DESIGN, SYNTHESIS, AND CHARACTERIZATION OF NEW PHOSPHAZENE RELATED MATERIALS, AND STUDY THE STRUCTURE PROPERTY CORRELATIONS

Open Access
Author:
Tian, Zhicheng
Graduate Program:
Chemistry
Degree:
Doctor of Philosophy
Document Type:
Dissertation
Date of Defense:
June 09, 2015
Committee Members:
  • Harry R Allcock, Dissertation Advisor
  • Mike Hickner, Committee Member
  • John V Badding, Committee Member
  • Benjamin James Lear, Committee Member
Keywords:
  • Polymer Chemistry
  • Organic Synthesis
  • Polyphosphazenes
  • Structure Property Correlations
  • Biomaterials
  • Elastomers
Abstract:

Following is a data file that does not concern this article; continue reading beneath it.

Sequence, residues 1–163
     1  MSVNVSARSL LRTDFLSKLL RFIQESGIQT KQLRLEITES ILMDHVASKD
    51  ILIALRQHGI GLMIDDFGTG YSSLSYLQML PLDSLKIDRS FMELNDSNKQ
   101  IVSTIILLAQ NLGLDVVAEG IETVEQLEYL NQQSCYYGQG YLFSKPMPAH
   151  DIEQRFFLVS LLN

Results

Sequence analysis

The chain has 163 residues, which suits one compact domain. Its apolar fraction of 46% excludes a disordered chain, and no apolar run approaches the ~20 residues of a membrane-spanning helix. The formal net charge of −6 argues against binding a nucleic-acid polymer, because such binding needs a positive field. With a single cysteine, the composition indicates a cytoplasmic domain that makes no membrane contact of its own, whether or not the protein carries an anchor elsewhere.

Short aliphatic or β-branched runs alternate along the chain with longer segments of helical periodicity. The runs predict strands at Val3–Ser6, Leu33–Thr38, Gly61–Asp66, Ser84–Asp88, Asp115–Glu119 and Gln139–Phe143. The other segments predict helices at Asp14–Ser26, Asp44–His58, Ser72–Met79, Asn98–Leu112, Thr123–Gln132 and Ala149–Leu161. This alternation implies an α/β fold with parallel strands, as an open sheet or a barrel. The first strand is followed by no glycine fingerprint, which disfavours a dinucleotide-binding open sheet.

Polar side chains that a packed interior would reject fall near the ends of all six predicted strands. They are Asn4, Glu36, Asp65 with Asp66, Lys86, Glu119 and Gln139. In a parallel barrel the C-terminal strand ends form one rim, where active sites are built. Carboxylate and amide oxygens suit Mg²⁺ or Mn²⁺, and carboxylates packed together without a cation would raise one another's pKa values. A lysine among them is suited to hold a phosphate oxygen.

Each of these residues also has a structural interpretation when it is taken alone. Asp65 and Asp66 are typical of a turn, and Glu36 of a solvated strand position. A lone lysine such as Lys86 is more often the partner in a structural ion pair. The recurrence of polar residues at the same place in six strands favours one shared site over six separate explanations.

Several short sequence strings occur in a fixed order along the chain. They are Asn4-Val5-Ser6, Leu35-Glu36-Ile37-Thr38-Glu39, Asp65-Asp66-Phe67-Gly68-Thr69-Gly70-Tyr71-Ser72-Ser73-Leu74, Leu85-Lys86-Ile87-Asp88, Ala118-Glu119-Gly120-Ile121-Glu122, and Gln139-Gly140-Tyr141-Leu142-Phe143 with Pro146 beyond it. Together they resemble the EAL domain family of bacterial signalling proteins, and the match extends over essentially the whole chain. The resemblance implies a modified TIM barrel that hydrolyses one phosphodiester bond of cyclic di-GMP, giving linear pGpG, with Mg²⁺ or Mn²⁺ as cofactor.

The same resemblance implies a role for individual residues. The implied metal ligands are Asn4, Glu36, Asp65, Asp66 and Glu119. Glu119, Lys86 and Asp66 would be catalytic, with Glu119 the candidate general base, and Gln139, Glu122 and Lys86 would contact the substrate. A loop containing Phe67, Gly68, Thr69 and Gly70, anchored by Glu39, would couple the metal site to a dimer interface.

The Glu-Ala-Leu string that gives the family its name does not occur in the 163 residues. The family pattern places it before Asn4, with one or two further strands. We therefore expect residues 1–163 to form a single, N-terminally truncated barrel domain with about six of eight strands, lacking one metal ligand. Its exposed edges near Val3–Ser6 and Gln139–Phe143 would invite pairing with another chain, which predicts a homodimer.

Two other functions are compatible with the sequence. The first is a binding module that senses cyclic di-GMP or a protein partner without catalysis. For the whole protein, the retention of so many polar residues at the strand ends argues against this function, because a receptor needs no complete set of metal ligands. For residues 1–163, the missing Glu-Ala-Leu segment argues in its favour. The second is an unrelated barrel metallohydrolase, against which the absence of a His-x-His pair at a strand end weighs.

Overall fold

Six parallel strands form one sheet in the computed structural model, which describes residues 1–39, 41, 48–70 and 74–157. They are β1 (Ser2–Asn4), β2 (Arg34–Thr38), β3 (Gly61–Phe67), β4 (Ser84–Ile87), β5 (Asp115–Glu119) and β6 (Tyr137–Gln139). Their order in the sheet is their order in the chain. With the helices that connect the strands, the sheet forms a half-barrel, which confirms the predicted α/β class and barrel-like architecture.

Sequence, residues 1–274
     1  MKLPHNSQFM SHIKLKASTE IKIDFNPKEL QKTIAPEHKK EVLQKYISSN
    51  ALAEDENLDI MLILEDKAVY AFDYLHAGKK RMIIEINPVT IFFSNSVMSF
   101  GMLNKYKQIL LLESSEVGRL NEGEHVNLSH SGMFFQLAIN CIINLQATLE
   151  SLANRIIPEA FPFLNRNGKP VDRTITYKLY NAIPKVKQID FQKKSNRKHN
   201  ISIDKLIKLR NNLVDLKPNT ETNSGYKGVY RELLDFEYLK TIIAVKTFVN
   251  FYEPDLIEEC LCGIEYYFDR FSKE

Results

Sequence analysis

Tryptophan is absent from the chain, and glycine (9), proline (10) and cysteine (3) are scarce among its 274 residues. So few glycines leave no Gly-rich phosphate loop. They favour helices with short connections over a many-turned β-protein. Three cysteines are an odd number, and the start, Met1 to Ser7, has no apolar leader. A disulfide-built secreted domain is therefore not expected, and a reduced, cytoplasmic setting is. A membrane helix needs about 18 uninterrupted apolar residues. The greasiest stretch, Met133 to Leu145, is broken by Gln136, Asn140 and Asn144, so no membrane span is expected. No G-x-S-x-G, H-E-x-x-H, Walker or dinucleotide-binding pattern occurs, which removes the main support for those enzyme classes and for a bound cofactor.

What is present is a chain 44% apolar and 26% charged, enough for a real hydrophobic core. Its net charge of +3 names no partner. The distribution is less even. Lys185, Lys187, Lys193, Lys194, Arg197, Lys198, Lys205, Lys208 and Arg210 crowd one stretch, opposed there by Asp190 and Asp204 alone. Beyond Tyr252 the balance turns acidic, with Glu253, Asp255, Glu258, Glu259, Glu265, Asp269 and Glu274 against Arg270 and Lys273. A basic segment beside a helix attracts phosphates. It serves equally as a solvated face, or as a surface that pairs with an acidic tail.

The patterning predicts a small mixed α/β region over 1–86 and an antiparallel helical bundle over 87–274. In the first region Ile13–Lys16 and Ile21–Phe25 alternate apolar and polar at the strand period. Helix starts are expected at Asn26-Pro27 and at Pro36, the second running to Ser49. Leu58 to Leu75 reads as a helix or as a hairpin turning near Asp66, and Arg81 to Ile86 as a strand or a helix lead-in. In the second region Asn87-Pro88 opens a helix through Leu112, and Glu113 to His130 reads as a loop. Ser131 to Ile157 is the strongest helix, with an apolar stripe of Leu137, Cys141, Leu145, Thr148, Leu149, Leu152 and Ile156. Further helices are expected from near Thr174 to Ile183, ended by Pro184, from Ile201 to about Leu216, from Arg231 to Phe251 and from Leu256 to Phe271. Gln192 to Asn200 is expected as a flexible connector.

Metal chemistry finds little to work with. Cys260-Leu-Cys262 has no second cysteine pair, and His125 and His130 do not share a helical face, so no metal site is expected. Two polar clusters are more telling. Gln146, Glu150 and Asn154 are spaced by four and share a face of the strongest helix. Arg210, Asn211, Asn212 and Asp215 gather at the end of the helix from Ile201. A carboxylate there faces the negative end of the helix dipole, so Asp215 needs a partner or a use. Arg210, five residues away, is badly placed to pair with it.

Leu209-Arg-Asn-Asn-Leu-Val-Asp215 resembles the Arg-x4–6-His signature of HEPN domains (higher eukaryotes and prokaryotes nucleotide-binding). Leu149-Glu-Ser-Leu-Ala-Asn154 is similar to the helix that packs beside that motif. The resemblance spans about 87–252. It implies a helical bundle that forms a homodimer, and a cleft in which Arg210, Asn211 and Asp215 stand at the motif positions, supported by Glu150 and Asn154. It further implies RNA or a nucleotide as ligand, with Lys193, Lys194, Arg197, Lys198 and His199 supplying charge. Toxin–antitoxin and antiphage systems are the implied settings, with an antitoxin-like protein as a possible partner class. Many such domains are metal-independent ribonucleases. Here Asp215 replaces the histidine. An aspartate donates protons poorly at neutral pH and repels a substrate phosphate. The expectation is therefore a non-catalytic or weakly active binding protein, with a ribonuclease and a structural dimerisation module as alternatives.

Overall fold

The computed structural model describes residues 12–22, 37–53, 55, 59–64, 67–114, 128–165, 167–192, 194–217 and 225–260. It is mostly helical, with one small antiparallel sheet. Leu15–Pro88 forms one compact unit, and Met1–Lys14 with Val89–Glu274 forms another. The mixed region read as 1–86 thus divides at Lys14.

The work described in this thesis is divided into three major parts, and all of which involve the exploration of the chemistry of polyphosphazenes. The first part (chapters 2 and 3) of my research is synthesis and study polyphoshazenes for biomedical applications, including polymer drug conjugates and injectable hydrogels for drug or biomolecule delivery. The second part (chapters 4 and 5) focuses on the synthesis of several organic/inorganic hybrid polymeric structures, such as diblock, star, brush and palm tree copolymers using living cationic polymerization and atom transfer radical polymerization techniques. The last part (chapters 6 and 7) is about exploratory synthesis of new polymeric structures with fluorinated side groups or cycloaliphatic side groups, and the study of new structure property relationships. Chapter 1 is an outline of the fundamental concepts for polymeric materials, as such the history, important definitions, and some introductory material for to polymer chemistry and physics. The chemistry and applications of phopshazenes is also briefly described. Chapter 2 is a description of the design, synthesis, and characterization of development of a new class of polymer drug conjugate materials based on biodegradable polyphosphazenes and antibiotics. Poly(dichlorophosphazene), synthesized by a thermal ring opening polymerization, was reacted with up to 25 mol% of ciprofloxacin or norfloxacin and three different amino acid esters (glycine, alanine, or phenylalanine) as cosubstituents via macromolecular substitutions. Nano/microfibers of several selected polymers were prepared by an electrospinning technique. The hydrolysis rate and the antibiotic release profile can be well tuned by either the polymer compositions, or the surface area monitored by a six week in vitro hydrolysis experiment. All the polymers gave a near-neutral hydrolysis environment with the pH ranging from 5.9–6.8. In an in vitro antibacterial test against E.coli, the antibacterial activity of the hydrolysis media was maintained as long as the polymer hydrolysis continued. Chapter 3 is concerned with the development of a class of injectable and biodegradable hydrogels based on water-soluble poly(organophosphazenes) containing oligo(ethylene glycol) methyl ethers and glycine ethyl esters. The hydrogels can be obtained by mixing α-cyclodextrin aqueous solution and poly(organophosphazenes) aqueous solution in various gelation rates depending on the polymer structures and the concentrations. The rheological measurements of the supramolecular hydrogels indicate a fast gelation process and flowable character under a large stain. The hydrogel system also exhibits structure-related reversible gel-sol transition properties at a certain temperature. The formation of a channel-type inclusion complex induced gelation mechanism was studied by DSC, TGA, 13C CP/MAS NMR and X-ray diffraction techniques. In vitro bovine serum albumin release of the hydrogel system was explored and the biodegradability of poly(organophosphazenes) was studied. Chapter 4 outlines the preparation of a number of amphiphilic diblock copolymers based on poly[bis(trifluoroethoxy)phosphazene] (TFE) as the hydrophobic block and poly(dimethylaminoethylmethacrylate) (PDMAEMA) as the hydrophilic block. The TFE block was synthesized first by the controlled living cationic polymerization of a phosphoranimine, followed by replacement of all the chlorine atoms using sodium trifluoroethoxide. To allow for the growth of the PDMAEMA block, 3-azidopropyl-2-bromo-2-methylpropanoate, an atom transfer radical polymerization (ATRP) initiator, was grafted onto the endcap of the TFE block via the ‘click’ reaction followed by the ATRP of 2-(dimethylamino)ethyl methacrylate (DMAEMA). Once synthesized, micelles were formed by a standard method and their characteristics were examined using fluorescence techniques, dynamic light scattering, and transmission electron microscopy. The critical micelle concentrations of the diblock copolymers as determined by fluorescence techniques using pyrene as a hydrophobic probe were between 3.47 and 9.55mg/L, with the partition equilibrium constant of pyrene in these micelles ranging from 0.12×105-1.52×105. The diameters measured by dynamic light scattering were 100-142nm at 25oC with a narrow distribution, which were also confirmed by transmission electron microscopy. Chapter 5 is a report on the design and assembly of polyphosphazene materials based on the non-covalent “host–guest” interactions either at the terminus of the polymeric main-chains or the pendant side-chains. The supramolecular interaction at the main chain terminus was used to produce amphiphilic palm-tree like pseudo-block copolymers via host-guest interactions between an adamantane end-functionalized polyphosphazene and a 4-armed β-cyclodextrin (β-CD) initiated poly[poly(ethylene glycol) methyl ether methacylate] branched-star type polymer. The formation of micelles of the obtained amphiphiles was analyzed by fluorescence technique, dynamic light scattering, transmission electron microscopy, and atomic force microscopy. The supramolecular interactions involving polymer side-chains were achieved between polyphosphazenes with β-CD pendant units and other polyphosphazene molecules with adamantyl moieties on the side-chains. These interactions worked as physical crosslinks which were responsible for the formation of a supramolecular hydrogel. The results of this work demonstrated the synthetic possibilities for these novel polymeric structures. These materials show potential for applications as smart drug delivery micro-vehicles, responsive hydrogels, and self-healing materials. Chapter 6 is an investigation of the influence of bulky fluoroalkoxy side groups on the properties of polyphosphazenes. A new series of mixed-substituent high polymeric poly(fluoroalkoxyphosphazenes) containing trifluoroethoxy and branched fluoroalkoxy side groups was synthesized and characterized by NMR and GPC methods. These polymers contained 19–29 mol% of di-branched hexafluoropropoxy groups or 4mol% of tri-branched tert-perfluorobutoxy groups, which serve as regio-irregularities to reduce the macromolecular microcrystallinity. The structure–property correlations of the polymers were then analyzed and interpreted by several techniques: specifically by the thermal behavior by DSC and TGA methods, the crystallinity by wide-angle X-ray diffraction, and the surface hydrophobicity/oleophobicity by contact angle measurements. Ultraviolet crosslinkable elastomers were prepared from the new polymers through the incorporation of 3mol% of 2-allylphenoxy and photo-irradiation. The mechanical properties and the elastomeric deformation–recovery behavior were then monitored by varying the time of ultraviolet irradiation. Side reactions detected during the synthesis of the high polymers, such as side group exchange reactions and alpha-carbon attack, were analyzed via use of a cyclic trimer model system. Chapter 7 is an outline of the exploratory synthesis of a new series of phosphazene model cyclic trimers and single- and mixed- substituent high polymers containing cyclic aliphatic rings, –CnH2n-1 (where n = 4–8). The cylco-aliphatic side group containing phosphazenes expand the structural and property boundaries of phosphazene chemistry, and suggest additional approaches for studying slow macromolecular substitution reactions and substituent exchange reactions. Polymer structure–property relationships are interpreted and correlated to glass transition temperatures, thermal decomposition temperatures, hydrophobicity, and membrane mechanical properties. Films prepared from these polymers are low cost, tough and non-adhesive. They can be used in variety of applications especially where transparency is important.